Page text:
Tuesday, January 10, 2006

Ho-Chunk dangled $500,000 donation, McCallum aide says


Ho-Chunk dangled $500,000 donation, McCallum aide says
Last Updated: Feb. 22, 2003
Cary Spivak & Dan Bice

The campaign manager for then-Gov. Scott McCallum says the Ho-Chunk dangled a $500,000 contribution for whichever gubernatorial candidate agreed to allow the tribe to run its casinos for as long as the wind blows and the grass grows.
Darrin Schmitz, now the executive director of the state Republican Party, said his guy wouldn't extend the gambling agreements beyond 15 or so years, and ended up not getting a nickel from the tribe. Officials with new Gov. Jim Doyle denied that they cut any pre-election deals with the Ho-Chunk. But the tribe did drop a $500,000 soft-money donation with the Democratic National Committee just days before the gubernatorial runoff - certainly the largest political gift by a Wisconsin tribe. The DNC then dumped nearly $1 million in Wisconsin in the final week of the increasingly tight race to help elect Doyle and the rest of the party's slate. Last week the Doyle team announced, to nearly everyone's surprise in Madison, that it had reached a tentative deal with the Oneida tribe that would allow it to offer a full slate of casino games 24/7 forever and a day - an incredibly generous agreement that was expected to be a model for the other 10 tribes. "It was very clear to me, given the conversation I had with (Ho-Chunk lawyer) Mike Rogowski, what the end result would be," Schmitz said. "Whoever agreed to perpetual compacts and secondly, more games, could end up being the recipient or the party would be the recipient of vast amounts of money." Here is what happened about a month before the November general election, according to Schmitz: Rogowski, McCallum's former chief of staff who now represents the Ho-Chunk, called Schmitz to set up an endorsement interview with McCallum. Then, in a second phone conversation, Rogowski got down to business, telling Schmitz that the tribe was planning to drop a half-million-dollar donation on either McCallum or Doyle.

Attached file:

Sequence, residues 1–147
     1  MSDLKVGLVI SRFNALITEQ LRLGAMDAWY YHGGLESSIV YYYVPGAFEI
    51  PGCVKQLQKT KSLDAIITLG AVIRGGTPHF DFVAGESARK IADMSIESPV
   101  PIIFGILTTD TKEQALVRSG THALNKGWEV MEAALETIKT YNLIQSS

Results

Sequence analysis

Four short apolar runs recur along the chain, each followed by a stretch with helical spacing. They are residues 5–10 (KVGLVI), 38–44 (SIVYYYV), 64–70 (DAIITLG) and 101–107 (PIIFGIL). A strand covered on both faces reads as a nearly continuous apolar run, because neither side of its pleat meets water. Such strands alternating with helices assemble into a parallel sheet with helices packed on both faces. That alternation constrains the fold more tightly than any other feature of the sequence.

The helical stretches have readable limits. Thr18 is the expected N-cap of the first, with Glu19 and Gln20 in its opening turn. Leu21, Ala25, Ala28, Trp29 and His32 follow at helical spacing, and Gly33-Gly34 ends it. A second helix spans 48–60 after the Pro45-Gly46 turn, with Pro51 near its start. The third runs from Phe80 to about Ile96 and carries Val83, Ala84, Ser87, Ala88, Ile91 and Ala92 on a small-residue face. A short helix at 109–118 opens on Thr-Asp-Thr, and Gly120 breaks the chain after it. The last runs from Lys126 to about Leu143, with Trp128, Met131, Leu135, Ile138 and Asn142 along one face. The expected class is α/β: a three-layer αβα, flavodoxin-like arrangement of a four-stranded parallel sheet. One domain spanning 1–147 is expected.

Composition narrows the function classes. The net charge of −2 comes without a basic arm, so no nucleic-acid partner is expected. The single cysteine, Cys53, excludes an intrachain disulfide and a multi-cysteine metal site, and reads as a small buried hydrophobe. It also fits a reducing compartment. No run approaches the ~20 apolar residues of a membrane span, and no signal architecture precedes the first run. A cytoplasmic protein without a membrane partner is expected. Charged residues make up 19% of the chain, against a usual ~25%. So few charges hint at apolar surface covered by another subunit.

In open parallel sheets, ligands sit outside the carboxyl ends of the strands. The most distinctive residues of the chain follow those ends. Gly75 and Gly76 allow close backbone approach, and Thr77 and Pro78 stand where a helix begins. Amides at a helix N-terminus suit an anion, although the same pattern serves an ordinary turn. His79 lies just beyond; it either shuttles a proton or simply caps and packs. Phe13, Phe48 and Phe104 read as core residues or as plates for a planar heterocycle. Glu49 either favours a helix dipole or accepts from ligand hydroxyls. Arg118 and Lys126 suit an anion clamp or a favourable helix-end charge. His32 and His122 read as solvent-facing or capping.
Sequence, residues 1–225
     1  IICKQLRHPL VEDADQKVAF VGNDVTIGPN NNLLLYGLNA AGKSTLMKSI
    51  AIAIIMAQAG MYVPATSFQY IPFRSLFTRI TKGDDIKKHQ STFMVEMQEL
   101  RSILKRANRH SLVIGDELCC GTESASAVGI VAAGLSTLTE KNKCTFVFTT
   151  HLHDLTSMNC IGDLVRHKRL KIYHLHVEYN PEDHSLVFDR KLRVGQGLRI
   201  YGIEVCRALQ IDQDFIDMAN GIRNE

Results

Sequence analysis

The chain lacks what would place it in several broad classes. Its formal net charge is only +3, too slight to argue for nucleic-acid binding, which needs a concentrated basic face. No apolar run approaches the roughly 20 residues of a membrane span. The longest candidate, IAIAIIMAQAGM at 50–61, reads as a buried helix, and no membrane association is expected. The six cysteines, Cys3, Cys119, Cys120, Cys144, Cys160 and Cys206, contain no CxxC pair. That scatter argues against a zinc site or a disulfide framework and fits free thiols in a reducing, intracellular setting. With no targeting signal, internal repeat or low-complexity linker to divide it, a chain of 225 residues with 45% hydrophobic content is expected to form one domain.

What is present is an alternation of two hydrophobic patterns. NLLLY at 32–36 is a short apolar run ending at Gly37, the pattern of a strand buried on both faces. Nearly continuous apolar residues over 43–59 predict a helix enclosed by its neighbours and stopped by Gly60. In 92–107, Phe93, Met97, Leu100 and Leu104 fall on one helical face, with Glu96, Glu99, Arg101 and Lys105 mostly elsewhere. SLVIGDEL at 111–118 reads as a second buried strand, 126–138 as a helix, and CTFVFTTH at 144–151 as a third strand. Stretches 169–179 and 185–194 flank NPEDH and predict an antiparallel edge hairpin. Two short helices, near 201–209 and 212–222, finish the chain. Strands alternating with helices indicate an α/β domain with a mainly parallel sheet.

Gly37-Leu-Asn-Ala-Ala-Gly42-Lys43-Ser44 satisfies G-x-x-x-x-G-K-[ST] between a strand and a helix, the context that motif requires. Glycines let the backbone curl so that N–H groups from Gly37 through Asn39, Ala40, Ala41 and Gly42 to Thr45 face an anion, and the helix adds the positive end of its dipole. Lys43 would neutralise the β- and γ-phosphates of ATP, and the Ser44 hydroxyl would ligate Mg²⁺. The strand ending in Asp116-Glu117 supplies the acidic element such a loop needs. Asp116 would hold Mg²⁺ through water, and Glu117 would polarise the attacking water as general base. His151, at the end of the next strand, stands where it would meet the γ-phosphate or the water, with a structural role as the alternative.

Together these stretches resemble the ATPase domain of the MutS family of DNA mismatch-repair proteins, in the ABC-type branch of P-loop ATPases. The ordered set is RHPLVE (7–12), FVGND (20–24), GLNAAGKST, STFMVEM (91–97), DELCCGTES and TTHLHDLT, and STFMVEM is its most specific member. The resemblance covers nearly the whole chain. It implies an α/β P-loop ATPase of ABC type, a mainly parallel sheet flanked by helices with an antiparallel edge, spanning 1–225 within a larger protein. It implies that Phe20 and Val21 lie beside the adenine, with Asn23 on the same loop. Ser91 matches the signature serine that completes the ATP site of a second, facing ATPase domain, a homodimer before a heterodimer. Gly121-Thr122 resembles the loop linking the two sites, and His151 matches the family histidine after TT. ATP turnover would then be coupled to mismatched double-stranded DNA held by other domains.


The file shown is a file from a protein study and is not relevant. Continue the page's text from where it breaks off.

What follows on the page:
"He basically said that the Ho-Chunk was going to endorse a candidate and write a check to support the candidate," Schmitz said. "And he said the exact amount, which was $500,000." Surprisingly, Rogowski, a lawyer with Whyte Hirschboeck Dudek in Madison, offered a squishy response to the charge. Did he attach a $500,000 string to the endorsement? "Not that I recall," he said. Later in the interview, Rogowski, who was axed by McCallum last April, suggested that Schmitz may have jumped to a conclusion about the donation. "If I were a campaign manager, I might assume that," he said. "That would be a logical assumption." Schmitz said he told a team of campaign advisers and other staffers about the offer but inexplicably decided not to let the Republican governor in on the secret. "I saw no reason to advise the candidate - that was my decision as the manager," Schmitz said. McCallum sat down for an endorsement interview with a handful of Ho-Chunk leaders and their California attorney Lester Marston in the second week of October. The former governor said he was asked repeatedly during the interview if he would agree to compacts that never expire. The tribes, who now operate under five-year deals, have pushed hard for longer agreements so they can secure financing to expand their operations and improve life on the reservations. "Ninety percent of the meeting was spent on more games and perpetual compacts," Schmitz said, noting that the length of the compact received the greater attention of those two issues. "Les pushed and pushed and pushed him."
McCallum, however, said he would not approve compacts that run forever. "They knew that I wouldn't go in that direction," the ex-gov said. Showing the best defense is a good offense, Marston tried to turn the tables on Schmitz, who he said tried to shake down the Indians during the session at the governor's mansion. "(Schmitz) actually raised the issue of money, and we were so surprised . . . we had to tell them that we weren't going to discuss it," Marston said. Pressed for what exactly Schmitz said, the attorney backed off his initial statement. "My recollection of what occurred in that meeting was that he broached the subject - again he didn't mention money or any dollar amount - I think he broached the subject in terms of what could the nation do to help the governor get elected," Marston said. Marston also contended the issue of whether compacts should run forever was discussed only briefly. So, now we have a classic case of "he said, she said," with each party having something to gain in making his allegation. In the first case, Marston is getting paid good money by the Ho-Chunk. And Schmitz, of course, ran the campaign that lost to Doyle and now heads the party that is working to oust him at the end of this term. But Schmitz said he can point to some facts to back up his charge. "The money did exchange hands. They wrote a $500,000 check - a half-a-million dollar check," Schmitz said. "No one just does that out of the goodness of their hearts."

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